The Peerless Prognosticator is ON THE AIR!!!
The Washington Capitals take to the road once more after their brief (one game) respite in the friendly confines of Verizon Center. This trip starts with a game in Newark, New Jersey, the Paris of Essex County. There, in “Brick City,” the Capitals will visit the New Jersey Devils who, like the Capitals, have had a spotty start to the new calendar year.
Despite handing the St. Louis Blues their worst loss of the season in a 7-1 decision last Tuesday, the Devils are only 4-3-3 in 2014. It was out of character for the Devils to lay that kind of thumping on an opponent. The seven goals was the most scored by New Jersey since putting up seven against the New York Islanders back on April 10, 2010, in a 7-1 win. The six-goal margin of victory was the widest for the Devils since that same win over the Islanders.
To that point, the Devils managed only a total of 18 goals in their first nine games this month. It was not the only difference. In their first nine games this month New Jersey was 5-for-26 on the power play (19.2 percent), but went 3-for-4 against the Blues. Their penalty kill was 26-for-31 (83.9 percent) in the first nine games of January, but 3-for-3 against the Blues.
The Devils have had a relatively small circle of scorers in the 2014 portion of their season. Over the last ten games 12 different skaters shared in the 25 goals. The odd part of that is that only nine players had goals in the first nine of those games. It was not until Game 10, that 7-1 pasting of St. Louis, that the Devils broke out and expanded their goal-scoring offering with three additional players – Mark Fayne, Damien Brunner, and Ryan Carter – scoring their first goals of the month.
Overall, Adam Henrique and Michael Ryder share the lead in goals in January with four apiece for the Devils. Henrique is having a decent season after a disappointing sophomore season in which he was 11-5-16 in 42 games. Henrique, you will remember, was a Calder Trophy finalist in his rookie season. Through 51 games this season he is 13-12-25, his 13 goals being third on the team. He has three goals in his last five games (3-1-4) and is 1-3-4 in seven career games against the Capitals.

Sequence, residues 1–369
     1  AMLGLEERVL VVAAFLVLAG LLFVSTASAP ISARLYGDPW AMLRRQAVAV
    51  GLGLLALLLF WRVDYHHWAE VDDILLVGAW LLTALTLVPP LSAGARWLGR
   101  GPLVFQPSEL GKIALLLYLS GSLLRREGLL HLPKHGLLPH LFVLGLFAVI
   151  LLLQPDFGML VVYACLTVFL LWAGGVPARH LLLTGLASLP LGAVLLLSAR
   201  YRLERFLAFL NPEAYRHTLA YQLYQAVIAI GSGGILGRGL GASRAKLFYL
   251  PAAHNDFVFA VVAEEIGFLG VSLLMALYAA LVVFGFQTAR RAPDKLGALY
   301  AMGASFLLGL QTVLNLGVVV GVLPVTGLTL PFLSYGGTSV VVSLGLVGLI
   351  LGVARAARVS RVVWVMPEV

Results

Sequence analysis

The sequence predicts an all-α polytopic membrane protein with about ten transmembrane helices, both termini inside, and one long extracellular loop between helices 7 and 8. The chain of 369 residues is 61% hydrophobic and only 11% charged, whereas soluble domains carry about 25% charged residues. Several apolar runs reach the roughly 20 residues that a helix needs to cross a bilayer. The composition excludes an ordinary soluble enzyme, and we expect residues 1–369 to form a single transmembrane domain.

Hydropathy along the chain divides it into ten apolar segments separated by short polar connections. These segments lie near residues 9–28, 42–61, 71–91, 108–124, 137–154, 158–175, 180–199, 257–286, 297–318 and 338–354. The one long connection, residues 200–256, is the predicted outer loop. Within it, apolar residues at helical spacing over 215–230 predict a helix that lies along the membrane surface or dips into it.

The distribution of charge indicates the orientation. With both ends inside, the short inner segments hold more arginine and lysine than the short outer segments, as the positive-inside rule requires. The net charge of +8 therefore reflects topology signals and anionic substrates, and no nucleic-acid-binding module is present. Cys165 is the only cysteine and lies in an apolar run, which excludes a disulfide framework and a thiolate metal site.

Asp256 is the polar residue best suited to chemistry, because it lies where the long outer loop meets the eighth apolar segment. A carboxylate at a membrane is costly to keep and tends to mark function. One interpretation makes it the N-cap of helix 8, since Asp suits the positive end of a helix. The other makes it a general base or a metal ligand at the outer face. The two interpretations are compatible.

Ryder is at the other end of the experience spectrum. The ten-year veteran has 728 games with four different teams on his resume. This is his first year with the Devils, and he is tied for the team lead in goals with Jaromir Jagr. The odd part of his being tied for the team lead in goals this month is that he does not have one in his last five games, his longest drought since an 11-game streak that ended with the first Devils’ game in December. Ryder has been quietly effective over his career against the Caps, scoring 15 goals in 30 career games (15-6-21).
Goaltending for the Devils is in transition. Cory Schneider was obtained from Vancouver in a surprising draft day trade last summer that snared the ninth-overall pick for the Canucks (Bo Horvat). Schneider was immediately designated Martin Brodeur’s successor to be. It is the succeeding part that has dragged on this season through 51 games. Seems that: a) Brodeur was not entirely ready to abdicate his position, and b)… well, there really is no “b.”
The two have roughly split appearances down the middle, Brodeur with 27 and Schneider with 24. Schneider is the one with the better numbers and the worse luck. In his 24 appearances he has a better goals against average than Brodeur (1.88 to 2.36) and a better save percentage (.926 to .905). However, his record is 8-9-7, while Brodeur’s is 13-10-4. Only once this season, that being on December 23rd against Chicago when he allowed five goals on 37 shots, has Schneider allowed more than three goals in a game. What he has benefited from is light work. Only six times in 24 appearances has he faced more than 30 shots on goal. On the other hand, Schneider, who is expected to get Friday’s start against the Caps, has been lights out (as in “goal lights”) over his last seven appearances. He is 4-1-2 over those seven games, 1.11, .960, with one shutout, and has not allowed more than two goals in any game. He has no career decisions against the Caps.
Here is how the teams compare overall...
1. The Devils defense and goaltending is consistent in their outcomes in regulation – fourth fewest goals allowed in the first period, third fewest goals allowed in the second period, eighth fewest goals allowed in the third period. On the other hand, only eight teams have allowed more goals in overtime, and only Chicago has more losses in extra time.
2. New Jersey’s offense leaves a bit to be desired. Only three teams have scored fewer goals at 5-on-5. They might be better served to play at 4-on-4. Only five teams have more goals scored at 4-on-4 than the Devils.